The following post is from staff writer Melissa Batai
When I was pregnant with my last child and on bed rest, I watched A LOT of television. One of the shows I watched was MTV’s 16 and Pregnant. I had to keep watching the spinoff, Teen Mom 2, which continued to follow the lives of four of the girls featured on 16 and Pregnant. Even now it’s one of my guilty pleasures.
While some of the girls like Janelle, who is a recovering heroin addict on probation, continue to make bad choices, others amaze me with their maturity.
Leah had twins when she was 17 and now has another daughter with her current husband. At the tender age of 21, she is handling one of her daughters, Ali’s, diagnosis of Muscular Dystrophy with a maturity that many 10 years older than her don’t have.
She’s also facing another issue–a husband who works out of town, seems to be a workaholic, and is not a good communicator.
What’s Wrong with Working Hard to Support a Family?
Leah seemed to have lucked out when she fell in love with and married Jeremy Calvert. Not only does he take good care of her twins and their infant daughter, but he works hard as a pipeline engineer, making, according to some reports, $4,000 a week.
The money is needed because Leah and Jeremy face many, many medical bills thanks to Ali’s muscular dystrophy diagnosis. Her wheelchair alone cost over $10,000, with insurance covering some of that. Then, the couple also needs to sell their house and find a new one that can accommodate Ali’s wheel chair.
Why a High Salary Isn’t Most Important
Some viewers get frustrated with Leah, who is always complaining about Jeremy’s job, mainly because it takes him away from his family for five weeks or more at a time. Leah would like him to have a job closer to home so he could spend time with his family and watch his baby daughter grow up.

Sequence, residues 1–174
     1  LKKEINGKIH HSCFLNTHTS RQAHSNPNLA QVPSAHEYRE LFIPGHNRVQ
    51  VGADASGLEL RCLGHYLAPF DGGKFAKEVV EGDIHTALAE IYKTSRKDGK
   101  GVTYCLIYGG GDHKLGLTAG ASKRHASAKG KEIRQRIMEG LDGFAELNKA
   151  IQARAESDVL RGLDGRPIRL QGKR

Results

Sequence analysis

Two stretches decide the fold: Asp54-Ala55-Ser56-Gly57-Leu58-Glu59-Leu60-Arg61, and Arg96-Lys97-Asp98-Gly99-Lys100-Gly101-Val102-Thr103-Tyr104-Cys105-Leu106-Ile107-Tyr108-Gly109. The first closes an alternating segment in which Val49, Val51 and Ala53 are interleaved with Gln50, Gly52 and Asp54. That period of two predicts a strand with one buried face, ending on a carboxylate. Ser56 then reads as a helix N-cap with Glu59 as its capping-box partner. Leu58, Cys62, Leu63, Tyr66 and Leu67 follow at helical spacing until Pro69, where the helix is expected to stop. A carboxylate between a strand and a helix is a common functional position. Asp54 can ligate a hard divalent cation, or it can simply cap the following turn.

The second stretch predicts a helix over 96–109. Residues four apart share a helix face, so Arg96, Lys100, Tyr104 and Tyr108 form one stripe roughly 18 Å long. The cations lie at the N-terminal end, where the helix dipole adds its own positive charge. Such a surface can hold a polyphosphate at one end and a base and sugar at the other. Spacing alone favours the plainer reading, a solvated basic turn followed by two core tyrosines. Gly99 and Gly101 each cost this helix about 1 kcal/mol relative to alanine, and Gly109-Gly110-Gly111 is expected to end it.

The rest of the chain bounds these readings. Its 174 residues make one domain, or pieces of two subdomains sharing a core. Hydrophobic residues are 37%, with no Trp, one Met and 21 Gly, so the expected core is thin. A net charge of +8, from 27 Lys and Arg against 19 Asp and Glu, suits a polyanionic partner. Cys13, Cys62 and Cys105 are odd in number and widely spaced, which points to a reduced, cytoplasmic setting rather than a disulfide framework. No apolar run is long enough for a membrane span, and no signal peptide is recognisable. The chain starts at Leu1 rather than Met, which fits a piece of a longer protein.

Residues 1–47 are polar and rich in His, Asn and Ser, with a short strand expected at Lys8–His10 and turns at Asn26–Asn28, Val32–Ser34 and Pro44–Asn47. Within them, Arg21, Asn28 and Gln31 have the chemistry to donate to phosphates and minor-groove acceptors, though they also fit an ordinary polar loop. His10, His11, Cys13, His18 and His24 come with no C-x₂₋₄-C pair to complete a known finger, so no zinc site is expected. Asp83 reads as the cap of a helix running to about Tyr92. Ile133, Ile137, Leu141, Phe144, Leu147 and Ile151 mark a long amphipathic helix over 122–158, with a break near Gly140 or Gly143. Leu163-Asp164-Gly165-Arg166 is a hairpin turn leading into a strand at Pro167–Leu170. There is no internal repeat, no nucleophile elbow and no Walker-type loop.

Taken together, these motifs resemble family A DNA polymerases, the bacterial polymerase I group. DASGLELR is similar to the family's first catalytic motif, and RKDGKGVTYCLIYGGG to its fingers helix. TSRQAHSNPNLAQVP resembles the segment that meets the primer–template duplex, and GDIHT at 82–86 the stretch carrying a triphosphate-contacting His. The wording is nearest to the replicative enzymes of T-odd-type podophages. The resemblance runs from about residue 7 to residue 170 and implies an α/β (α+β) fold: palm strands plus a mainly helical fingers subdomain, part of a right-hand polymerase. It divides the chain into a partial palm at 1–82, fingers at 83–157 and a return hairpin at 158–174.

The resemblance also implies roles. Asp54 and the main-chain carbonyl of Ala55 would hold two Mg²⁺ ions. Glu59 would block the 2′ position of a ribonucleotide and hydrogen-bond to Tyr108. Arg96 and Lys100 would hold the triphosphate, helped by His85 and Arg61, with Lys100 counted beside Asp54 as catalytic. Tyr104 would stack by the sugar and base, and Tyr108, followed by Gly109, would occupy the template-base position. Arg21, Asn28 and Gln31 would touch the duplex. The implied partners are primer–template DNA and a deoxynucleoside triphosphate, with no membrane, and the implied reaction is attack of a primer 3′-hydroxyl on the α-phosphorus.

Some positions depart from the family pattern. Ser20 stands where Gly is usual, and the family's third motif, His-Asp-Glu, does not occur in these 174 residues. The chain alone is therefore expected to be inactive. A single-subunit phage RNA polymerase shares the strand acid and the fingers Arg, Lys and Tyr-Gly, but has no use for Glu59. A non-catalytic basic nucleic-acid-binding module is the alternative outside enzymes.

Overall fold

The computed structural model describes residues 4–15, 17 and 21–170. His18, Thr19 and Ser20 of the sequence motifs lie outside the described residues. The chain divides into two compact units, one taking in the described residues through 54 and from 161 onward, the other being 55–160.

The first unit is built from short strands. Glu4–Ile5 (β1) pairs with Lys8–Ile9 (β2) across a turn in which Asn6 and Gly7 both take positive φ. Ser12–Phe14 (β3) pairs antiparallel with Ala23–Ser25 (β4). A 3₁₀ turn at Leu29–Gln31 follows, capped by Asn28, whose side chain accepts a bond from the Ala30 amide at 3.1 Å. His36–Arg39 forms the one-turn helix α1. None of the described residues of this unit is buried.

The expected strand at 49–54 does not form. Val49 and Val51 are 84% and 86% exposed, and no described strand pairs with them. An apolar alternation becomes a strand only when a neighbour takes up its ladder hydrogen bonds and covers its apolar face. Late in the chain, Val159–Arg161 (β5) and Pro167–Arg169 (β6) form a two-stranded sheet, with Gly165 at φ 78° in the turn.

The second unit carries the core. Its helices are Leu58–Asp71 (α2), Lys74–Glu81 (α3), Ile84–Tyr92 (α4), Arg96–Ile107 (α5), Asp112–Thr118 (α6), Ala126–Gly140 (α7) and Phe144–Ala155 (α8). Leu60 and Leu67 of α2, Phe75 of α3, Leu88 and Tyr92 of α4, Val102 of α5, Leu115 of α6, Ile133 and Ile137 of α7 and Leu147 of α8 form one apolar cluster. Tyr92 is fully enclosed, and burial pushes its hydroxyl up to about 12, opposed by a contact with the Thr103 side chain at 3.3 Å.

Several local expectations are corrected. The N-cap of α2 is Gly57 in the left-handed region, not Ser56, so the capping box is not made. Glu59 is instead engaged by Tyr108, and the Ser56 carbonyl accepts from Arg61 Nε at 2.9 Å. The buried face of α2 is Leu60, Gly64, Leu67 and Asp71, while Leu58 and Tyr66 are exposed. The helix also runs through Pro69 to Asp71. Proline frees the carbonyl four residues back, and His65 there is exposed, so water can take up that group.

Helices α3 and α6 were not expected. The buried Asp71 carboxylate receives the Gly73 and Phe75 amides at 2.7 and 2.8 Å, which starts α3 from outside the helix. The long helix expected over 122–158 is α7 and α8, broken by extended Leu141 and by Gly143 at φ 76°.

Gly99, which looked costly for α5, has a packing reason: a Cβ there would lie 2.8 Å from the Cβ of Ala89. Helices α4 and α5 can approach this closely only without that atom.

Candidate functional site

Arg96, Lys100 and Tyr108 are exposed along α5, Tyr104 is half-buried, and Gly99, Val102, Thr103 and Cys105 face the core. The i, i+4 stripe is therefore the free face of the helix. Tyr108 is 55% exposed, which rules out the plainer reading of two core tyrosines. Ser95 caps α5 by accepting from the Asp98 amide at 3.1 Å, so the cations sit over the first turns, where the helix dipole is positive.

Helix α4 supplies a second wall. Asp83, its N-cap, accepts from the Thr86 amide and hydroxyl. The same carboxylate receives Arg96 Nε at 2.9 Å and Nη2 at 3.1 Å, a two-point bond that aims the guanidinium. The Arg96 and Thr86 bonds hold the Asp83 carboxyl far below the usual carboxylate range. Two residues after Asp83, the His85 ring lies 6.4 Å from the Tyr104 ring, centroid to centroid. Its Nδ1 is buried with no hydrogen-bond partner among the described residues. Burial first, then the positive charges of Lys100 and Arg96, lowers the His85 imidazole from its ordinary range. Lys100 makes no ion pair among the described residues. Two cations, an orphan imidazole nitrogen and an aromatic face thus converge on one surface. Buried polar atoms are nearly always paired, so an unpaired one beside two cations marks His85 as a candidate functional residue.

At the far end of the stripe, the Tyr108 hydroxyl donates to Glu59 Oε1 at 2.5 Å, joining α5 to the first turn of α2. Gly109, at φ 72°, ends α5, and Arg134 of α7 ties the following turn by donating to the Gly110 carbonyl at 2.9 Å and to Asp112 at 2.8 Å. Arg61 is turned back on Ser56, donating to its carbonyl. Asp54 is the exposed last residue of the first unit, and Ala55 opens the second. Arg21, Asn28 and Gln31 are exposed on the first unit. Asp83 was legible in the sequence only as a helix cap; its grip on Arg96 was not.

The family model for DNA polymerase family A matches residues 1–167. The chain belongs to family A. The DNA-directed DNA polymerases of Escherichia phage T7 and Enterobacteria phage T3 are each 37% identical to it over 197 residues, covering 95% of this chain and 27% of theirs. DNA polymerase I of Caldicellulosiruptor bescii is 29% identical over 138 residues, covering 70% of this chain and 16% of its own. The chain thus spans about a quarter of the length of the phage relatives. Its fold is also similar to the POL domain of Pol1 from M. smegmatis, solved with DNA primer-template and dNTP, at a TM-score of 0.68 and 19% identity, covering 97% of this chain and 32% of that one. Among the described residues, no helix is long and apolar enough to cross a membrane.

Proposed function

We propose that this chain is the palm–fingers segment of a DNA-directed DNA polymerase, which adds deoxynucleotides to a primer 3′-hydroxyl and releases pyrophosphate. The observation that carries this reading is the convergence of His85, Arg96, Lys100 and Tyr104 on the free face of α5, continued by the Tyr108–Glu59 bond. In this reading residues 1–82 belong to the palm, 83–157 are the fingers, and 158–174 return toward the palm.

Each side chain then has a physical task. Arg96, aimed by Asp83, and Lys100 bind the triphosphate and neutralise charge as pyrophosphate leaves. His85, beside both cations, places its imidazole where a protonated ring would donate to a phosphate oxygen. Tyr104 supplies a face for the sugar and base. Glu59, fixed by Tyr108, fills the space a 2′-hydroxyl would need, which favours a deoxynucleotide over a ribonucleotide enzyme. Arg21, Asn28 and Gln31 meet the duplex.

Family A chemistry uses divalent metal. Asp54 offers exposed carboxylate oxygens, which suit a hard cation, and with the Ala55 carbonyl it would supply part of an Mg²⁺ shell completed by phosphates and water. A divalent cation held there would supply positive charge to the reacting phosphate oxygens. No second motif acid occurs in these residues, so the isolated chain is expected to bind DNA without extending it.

Yet, even though Leah complains that Jeremy’s gone, it seems that there’s a much deeper issue. When Jeremy is gone, he’s GONE, meaning he rarely talks to Leah. She complained that one time when he was gone for five weeks, he only called her four times total–not even once a week!
His rationalization? He works 12 to 15 hour days when he’s gone, and when he gets back to the hotel, he just wants to sleep.
Is Jeremy’s Workaholic Tendencies Costing Him His Family?
The ironic part of this story is that Jeremy’s drive and desire to provide amply for his family, at least financially, may cost him his family. Because he’s so bad at keeping in contact when he’s gone, he may risk losing his wife and children.
He refuses to get a job nearby because he’d only be making $40,000 a year, and he can make that amount of money in just a month or two with a lucrative pipeline job.
My Questions for You
Of course, there are many couples dealing with this exact situation. What do you think? Should Jeremy be applauded for working so hard to provide for his family, or is he putting money ahead of his family and at risk of losing them?
How would you handle this type of situation? Have you experienced this before?
Ray’s note: I’m curious what everyone thinks about this one, and will add my thoughts after giving readers a chance to comment.